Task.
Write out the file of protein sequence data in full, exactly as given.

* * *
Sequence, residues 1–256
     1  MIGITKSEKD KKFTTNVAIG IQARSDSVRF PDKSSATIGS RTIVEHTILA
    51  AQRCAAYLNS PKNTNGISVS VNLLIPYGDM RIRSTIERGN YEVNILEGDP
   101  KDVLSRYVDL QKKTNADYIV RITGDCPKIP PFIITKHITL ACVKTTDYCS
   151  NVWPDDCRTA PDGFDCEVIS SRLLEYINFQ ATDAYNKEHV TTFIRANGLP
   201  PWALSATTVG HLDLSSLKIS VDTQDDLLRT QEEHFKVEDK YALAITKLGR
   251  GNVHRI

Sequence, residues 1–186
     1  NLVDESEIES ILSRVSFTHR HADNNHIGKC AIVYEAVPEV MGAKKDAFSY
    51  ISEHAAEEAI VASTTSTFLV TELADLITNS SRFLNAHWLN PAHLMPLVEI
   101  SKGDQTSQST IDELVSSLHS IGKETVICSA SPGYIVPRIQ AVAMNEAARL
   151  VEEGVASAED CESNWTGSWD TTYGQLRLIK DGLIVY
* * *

Sequence, residues 1–256
     1  MIGITKSEKD KKFTTNVAIG IQARSDSVRF PDKSSATIGS RTIVEHTILA
    51  AQRCAAYLNS PKNTNGISVS VNLLIPYGDM RIRSTIERGN YEVNILEGDP
   101  KDVLSRYVDL QKKTNADYIV RITGDCPKIP PFIITKHITL ACVKTTDYCS
   151  NVWPDDCRTA PDGFDCEVIS SRLLEYINFQ ATDAYNKEHV TTFIRANGLP
   201  PWALSATTVG HLDLSSLKIS VDTQDDLLRT QEEHFKVEDK YALAITKLGR
   251  GNVHRI

Sequence, residues 1–186
     1  NLVDESEIES ILSRVSFTHR HADNNHIGKC AIVYEAVPEV MGAKKDAFSY
    51  ISEHAAEEAI VASTTSTFLV TELADLITNS SRFLNAHWLN PAHLMPLVEI
   101  SKGDQTSQST IDELVSSLHS IGKETVICSA SPGYIVPRIQ AVAMNEAARL
   151  VEEGVASAED CESNWTGSWD TTYGQLRLIK DGLIVY